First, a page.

Chicago police and Norfolk Southern Railway are facing criticism for parking a “bait truck,” filled with high-priced sneakers and shoes in a predominately black, low-income neighborhood, last week. A truck packed with boxes of Nike Air Force 1's and Christian Loboutins were left it in Chicago’s Englewood neighborhood, Vox. com reports.

On Aug. 2, activist and Englewood resident, Charles McKenzie, recorded footage of the truck and posted it on Facebook, later in the week. The footage went viral, racking up over 600,000 vides on Facebook alone.

In the video, residents are heard calling out police for intentionally parking a the truck in "the ghetto," around "kids" playing basketball. "That's sad," says one man.

McKenzie said that he was "hurt" by what he witnessed, as he feels that it weakens community faith in police. “How can we trust CPD and they are doing stuff like this in our community?” he said Thursday (Aug. 9). “It hurt me because I try to help these guys get jobs.”

The video drew outrage online, especially from local community residents, council members and more. “This bait truck operation is an unacceptable and inappropriate use of police resources,” Ald. Roderick Sawyer 6th, chair of the City Council’s Black Caucus said in a statement. “In a moment where police capacity is clearly under extreme strain, these sort of tactics are the last thing we should be spending manpower and energy on.”

The American Civil Liberties Union of Illinois slammed the practice for doing the exact opposite of improving police-community relations. “Police in Chicago must focus on building trust and better relationships within the communities they serve, not engage in stunts like bait trucks,” a spokesperson for the ACLU of Illinois said, per the Chicago Tribune. “The Chicago Police Department admits that it can’t solve murders and violent crimes because communities of color don’t trust the Chicago police. These stunts won’t help.”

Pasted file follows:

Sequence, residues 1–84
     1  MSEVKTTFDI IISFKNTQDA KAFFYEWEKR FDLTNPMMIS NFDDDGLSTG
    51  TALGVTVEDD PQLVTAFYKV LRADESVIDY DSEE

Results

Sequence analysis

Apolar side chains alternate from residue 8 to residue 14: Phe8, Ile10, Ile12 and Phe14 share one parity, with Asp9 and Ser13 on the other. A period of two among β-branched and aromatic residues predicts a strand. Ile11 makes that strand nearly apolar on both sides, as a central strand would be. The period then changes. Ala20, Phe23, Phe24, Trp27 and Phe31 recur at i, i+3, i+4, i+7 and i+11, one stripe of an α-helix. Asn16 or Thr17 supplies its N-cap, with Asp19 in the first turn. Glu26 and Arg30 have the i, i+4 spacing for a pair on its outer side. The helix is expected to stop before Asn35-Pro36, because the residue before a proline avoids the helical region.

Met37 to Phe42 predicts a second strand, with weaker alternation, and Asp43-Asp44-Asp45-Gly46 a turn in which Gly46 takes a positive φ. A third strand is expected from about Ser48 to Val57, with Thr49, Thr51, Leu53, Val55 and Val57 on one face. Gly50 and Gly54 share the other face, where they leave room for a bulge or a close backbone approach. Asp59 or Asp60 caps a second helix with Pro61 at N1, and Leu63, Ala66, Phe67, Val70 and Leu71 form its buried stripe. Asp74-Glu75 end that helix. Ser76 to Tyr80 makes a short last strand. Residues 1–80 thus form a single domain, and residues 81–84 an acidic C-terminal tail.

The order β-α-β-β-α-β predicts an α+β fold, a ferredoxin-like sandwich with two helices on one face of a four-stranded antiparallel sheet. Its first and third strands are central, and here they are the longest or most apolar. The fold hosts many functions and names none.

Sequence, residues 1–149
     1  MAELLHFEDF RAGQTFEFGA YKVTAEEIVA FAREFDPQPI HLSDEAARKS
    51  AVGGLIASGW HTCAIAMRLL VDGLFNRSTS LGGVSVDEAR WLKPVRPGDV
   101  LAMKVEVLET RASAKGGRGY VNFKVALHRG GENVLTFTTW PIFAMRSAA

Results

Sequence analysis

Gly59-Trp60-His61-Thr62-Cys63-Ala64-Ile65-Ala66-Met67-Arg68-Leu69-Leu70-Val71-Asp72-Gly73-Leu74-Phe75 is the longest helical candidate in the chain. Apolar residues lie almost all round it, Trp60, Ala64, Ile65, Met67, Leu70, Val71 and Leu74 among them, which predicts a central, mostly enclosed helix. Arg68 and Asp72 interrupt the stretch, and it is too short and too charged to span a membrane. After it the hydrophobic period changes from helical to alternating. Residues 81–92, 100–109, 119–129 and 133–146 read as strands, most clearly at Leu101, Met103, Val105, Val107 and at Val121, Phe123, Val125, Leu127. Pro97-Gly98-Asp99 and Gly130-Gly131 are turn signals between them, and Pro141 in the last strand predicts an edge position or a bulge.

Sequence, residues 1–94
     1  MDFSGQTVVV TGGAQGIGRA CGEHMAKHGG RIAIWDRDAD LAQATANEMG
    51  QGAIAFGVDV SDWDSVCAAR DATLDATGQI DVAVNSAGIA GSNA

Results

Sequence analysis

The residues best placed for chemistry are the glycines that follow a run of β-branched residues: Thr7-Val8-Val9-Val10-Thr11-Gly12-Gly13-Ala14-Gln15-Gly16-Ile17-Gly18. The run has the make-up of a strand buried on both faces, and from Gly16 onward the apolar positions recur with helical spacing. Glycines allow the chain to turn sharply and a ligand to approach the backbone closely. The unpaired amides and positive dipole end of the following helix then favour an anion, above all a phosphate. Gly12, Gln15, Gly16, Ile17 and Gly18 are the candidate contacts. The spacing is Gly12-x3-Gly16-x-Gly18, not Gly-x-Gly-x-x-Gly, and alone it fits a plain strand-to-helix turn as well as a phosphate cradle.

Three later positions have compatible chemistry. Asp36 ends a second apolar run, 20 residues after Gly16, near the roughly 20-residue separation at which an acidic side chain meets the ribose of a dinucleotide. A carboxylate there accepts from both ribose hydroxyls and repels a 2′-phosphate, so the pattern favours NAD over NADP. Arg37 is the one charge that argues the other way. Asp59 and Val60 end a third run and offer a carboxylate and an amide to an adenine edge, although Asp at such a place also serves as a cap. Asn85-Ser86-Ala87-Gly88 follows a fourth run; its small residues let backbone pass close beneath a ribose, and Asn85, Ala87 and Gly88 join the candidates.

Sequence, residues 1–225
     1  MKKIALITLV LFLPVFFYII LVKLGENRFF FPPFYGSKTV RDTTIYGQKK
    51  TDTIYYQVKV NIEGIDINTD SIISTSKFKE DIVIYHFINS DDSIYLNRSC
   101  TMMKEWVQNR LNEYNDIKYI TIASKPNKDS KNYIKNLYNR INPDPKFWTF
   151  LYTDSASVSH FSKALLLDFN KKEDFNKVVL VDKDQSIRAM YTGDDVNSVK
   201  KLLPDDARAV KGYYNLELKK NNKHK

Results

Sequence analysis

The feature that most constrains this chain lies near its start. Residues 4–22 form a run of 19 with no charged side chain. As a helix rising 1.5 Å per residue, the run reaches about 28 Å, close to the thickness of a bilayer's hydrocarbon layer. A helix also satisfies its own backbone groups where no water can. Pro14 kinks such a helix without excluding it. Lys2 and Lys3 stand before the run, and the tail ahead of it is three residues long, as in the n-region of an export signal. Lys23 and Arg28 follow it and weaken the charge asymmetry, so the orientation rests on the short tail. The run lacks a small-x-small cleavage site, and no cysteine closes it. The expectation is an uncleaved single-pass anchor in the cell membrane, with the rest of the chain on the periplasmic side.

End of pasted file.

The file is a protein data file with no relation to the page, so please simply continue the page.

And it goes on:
Lori Lightfoot, a Chicago mayoral candidate and former head of the Chicago Police Board, pointed out that the city is already dealing with a wave of gun violence, and the entrapment practice doesn’t help. “Especially after a weekend with seventy shootings and zero arrests, news of this bait truck operation is an appalling display of misplaced priorities and a step backwards on the path to trust and legitimacy,” said Lightfoot.

Police made three arrests from “Operation Trailer Trap,” one of which was David C. King, a 36-year-old deaf man. King was charged with burglary. Authorities say two men broke the lock of the trailer before fleeing, King allegedly crept up moments later and snuck inside the truck.

King, who communicates through sign language, reportedly told police that he was looking for food in the truck's trailer. According to Cook County arrest records, King was released a day after his arrest and given a court date.

The law enforcement practice of "baiting" has long been criticized for being unethical, and for targeting minorities. The cable network TruTV capitalized on the practice in the reality-based show Bait Car where unsuspecting people (typically young black and hispanic males) attempt steal unaccompanied vehicles.

The CPD and Norfolk have launched a joint investigation into “Operations Trailer Trap.” A CPD spokesperson maintained that officers only assisted Norfolk Southern police in carrying out the operation.

According to a follow-up report from, Norfolk Southern promised to end the practice. “Norfolk Southern recognizes that, despite the need to safeguard freight in the area, this operation eroded trust between law enforcement and the community,” spokesperson Susan Terpay said in a statement Friday (Aug. 10). “We sincerely regret that our actions caused further unease, and we don’t plan to use this method in the future.”


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